The Who's Roger Daltrey and Pete Townshend reflect on fatal stampede at 1979 concert

Eleven people were trampled to death at the band's concert in December 1979 in Cincinnati.
3:32 | 12/03/19

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Transcript for The Who's Roger Daltrey and Pete Townshend reflect on fatal stampede at 1979 concert
I set out to capture the special relationship created between fan and a local high school where three of the victims attended. For the first time. Ever in the through the night the change rock. Roger Daughtry and Pete Townshend share their raw feelings and they did not hold back with me about how that night affected them over the past four decades. Here's an exclusive sneak peek at his groundbreaking special. Our journey to interview those who took us 2400. Miles away from Cincinnati. To Seattle Washington. The ban was wrapping up the final leg of its move on to war Roger adultery. Pete Townsend and longtime manager bill Kirby sleep on it was time to sit down and talk about the night the change Brock. Forty years ago did it change you what happened. Well it must've done in some ways but that's subliminal you know go. But you can't you can't cook and any particular line. For forty years the band members have carried in their hearts. The loss of eleven young lives in Cincinnati before when of their shows all of the victims died of asphyxiation crushed by the crowd trying to get inside the coliseum for festival seating meaning. No with signs seats. You know one of the reasons but I do want this gone has been refused because. Wow you know the first conversation and debt that we've had a this ethos. So. You know maybe now Moscow will do so. Now there ready to heal and share how this tragedy affected rock you know culture and then personal. Talking about it is definitely a healing process. I think. Token about it here and knowing base gonna go play. To city. Two system that's he has a whole. And it's another layup. For me to haven process. Three of the eleven victims attended Finney town high school Stephen Preston Jackie Eck early. And Karen Morrison are now remembered with a Pam memorial at Sydney town. Something near and dear to the band. The people from the town need to be a parolee. Not Clinton goes from memory of those. The but didn't make it that night. On this community could. Survivors trumped any town also shared their stories that night. I think it's more. Dramatic to me than anything I've ever been around I've watched people die in the hospital. And I felt peaceful. If there was no rhyme or reason for me to understand. Why this had to happen. And family members of lives lost to remember their loved ones. Plus. The social letter. Yes. Shares stadium as she was our baby sister I think what was very hard it was such a freak accident. A freak accident that that was hard to digest. Was hard to understand that you could be waiting in line for concert. Personal perspectives from so many affected by the events of December 3 1979. Come together for the first time on television right here on WC PO. We hope you'll join us for this historic hour of television.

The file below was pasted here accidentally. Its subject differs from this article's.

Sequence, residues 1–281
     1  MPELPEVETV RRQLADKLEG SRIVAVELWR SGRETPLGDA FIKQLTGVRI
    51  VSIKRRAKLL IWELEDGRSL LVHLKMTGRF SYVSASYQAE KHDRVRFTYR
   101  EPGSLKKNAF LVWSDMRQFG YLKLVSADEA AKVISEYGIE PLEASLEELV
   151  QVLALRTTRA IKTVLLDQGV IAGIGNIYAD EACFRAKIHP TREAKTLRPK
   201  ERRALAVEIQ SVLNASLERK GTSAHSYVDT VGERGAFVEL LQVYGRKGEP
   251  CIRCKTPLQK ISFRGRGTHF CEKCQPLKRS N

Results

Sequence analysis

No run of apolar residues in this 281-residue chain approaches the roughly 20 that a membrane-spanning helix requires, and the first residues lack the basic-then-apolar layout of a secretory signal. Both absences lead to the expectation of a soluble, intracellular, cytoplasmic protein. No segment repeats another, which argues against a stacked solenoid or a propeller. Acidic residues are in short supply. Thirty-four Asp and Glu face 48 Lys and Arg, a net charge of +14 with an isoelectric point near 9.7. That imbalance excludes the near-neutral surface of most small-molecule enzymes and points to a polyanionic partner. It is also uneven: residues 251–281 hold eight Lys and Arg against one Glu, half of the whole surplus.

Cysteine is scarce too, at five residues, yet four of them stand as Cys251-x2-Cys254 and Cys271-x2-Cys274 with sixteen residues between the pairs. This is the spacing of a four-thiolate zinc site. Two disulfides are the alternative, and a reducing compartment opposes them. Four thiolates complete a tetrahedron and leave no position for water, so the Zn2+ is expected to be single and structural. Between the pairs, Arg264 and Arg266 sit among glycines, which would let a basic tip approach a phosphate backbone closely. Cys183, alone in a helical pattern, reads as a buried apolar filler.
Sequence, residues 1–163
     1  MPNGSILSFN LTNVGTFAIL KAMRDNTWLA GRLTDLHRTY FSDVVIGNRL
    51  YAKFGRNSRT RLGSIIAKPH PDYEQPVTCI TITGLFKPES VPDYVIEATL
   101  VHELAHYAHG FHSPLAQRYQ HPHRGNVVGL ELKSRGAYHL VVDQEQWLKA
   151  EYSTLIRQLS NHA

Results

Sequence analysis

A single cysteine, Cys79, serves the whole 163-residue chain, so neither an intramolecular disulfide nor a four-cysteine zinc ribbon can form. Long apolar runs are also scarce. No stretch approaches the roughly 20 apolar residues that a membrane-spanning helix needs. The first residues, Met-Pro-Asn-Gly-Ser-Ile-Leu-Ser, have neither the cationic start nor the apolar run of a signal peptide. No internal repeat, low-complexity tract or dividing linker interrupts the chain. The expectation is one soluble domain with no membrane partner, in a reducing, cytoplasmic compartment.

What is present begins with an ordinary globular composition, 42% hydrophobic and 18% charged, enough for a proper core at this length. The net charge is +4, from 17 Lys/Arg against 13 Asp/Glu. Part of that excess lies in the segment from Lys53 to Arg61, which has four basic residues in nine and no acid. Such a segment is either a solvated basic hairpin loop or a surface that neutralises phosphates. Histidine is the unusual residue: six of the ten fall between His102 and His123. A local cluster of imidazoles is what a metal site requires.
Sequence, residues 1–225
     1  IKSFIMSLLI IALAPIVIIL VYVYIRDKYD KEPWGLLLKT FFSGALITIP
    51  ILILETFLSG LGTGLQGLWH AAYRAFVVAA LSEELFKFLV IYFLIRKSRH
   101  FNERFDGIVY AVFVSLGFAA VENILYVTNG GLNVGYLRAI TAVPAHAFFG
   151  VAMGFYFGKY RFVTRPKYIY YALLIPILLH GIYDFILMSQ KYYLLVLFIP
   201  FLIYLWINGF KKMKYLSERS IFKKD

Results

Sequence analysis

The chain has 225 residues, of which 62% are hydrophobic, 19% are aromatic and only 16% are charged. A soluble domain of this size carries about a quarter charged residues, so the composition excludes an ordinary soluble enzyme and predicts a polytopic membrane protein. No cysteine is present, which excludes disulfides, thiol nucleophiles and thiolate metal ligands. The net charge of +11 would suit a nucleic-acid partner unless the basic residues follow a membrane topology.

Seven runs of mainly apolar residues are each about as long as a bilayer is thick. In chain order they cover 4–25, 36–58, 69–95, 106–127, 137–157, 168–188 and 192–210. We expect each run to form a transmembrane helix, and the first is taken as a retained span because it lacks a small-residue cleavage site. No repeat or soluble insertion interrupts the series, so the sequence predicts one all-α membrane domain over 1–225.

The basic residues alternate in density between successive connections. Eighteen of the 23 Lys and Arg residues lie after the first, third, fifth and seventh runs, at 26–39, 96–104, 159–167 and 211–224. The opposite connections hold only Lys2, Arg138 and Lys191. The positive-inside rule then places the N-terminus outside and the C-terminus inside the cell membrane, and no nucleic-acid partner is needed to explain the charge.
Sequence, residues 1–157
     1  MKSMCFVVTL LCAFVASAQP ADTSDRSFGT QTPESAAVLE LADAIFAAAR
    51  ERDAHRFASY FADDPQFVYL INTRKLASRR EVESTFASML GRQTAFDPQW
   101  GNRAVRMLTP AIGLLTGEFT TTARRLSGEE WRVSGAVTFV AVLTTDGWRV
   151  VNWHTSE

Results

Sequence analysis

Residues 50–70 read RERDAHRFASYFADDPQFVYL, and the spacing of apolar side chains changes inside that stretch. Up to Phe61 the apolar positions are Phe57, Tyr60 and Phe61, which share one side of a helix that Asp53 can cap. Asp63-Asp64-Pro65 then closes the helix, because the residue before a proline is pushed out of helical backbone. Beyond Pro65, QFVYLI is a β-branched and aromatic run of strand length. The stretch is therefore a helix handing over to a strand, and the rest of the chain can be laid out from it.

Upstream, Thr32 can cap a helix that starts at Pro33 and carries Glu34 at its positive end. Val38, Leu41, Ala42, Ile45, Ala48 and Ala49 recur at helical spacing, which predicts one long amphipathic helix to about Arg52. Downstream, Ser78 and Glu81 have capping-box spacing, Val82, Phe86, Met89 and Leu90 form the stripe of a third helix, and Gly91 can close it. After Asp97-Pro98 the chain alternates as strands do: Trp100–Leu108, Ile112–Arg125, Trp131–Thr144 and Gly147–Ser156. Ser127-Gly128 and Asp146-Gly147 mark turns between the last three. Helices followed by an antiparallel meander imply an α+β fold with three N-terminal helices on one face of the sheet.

This transcript has been automatically generated and may not be 100% accurate.

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